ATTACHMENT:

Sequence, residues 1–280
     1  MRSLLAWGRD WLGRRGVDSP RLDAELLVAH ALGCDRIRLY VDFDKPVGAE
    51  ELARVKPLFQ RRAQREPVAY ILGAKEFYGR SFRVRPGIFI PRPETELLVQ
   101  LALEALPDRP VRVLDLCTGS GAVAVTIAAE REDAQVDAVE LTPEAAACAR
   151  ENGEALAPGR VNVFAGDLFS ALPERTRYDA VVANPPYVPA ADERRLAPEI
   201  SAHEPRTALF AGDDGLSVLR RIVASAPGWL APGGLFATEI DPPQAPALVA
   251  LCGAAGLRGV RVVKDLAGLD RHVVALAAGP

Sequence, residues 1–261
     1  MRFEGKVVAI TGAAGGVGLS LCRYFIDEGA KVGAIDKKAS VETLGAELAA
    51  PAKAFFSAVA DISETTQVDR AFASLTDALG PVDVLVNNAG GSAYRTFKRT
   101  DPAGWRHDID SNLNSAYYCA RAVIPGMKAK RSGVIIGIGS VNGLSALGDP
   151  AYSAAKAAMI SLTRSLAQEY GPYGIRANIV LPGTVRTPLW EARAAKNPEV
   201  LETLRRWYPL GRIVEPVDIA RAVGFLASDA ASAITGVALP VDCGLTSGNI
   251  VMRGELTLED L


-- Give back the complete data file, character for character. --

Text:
Sequence, residues 1–280
     1  MRSLLAWGRD WLGRRGVDSP RLDAELLVAH ALGCDRIRLY VDFDKPVGAE
    51  ELARVKPLFQ RRAQREPVAY ILGAKEFYGR SFRVRPGIFI PRPETELLVQ
   101  LALEALPDRP VRVLDLCTGS GAVAVTIAAE REDAQVDAVE LTPEAAACAR
   151  ENGEALAPGR VNVFAGDLFS ALPERTRYDA VVANPPYVPA ADERRLAPEI
   201  SAHEPRTALF AGDDGLSVLR RIVASAPGWL APGGLFATEI DPPQAPALVA
   251  LCGAAGLRGV RVVKDLAGLD RHVVALAAGP

Sequence, residues 1–261
     1  MRFEGKVVAI TGAAGGVGLS LCRYFIDEGA KVGAIDKKAS VETLGAELAA
    51  PAKAFFSAVA DISETTQVDR AFASLTDALG PVDVLVNNAG GSAYRTFKRT
   101  DPAGWRHDID SNLNSAYYCA RAVIPGMKAK RSGVIIGIGS VNGLSALGDP
   151  AYSAAKAAMI SLTRSLAQEY GPYGIRANIV LPGTVRTPLW EARAAKNPEV
   201  LETLRRWYPL GRIVEPVDIA RAVGFLASDA ASAITGVALP VDCGLTSGNI
   251  VMRGELTLED L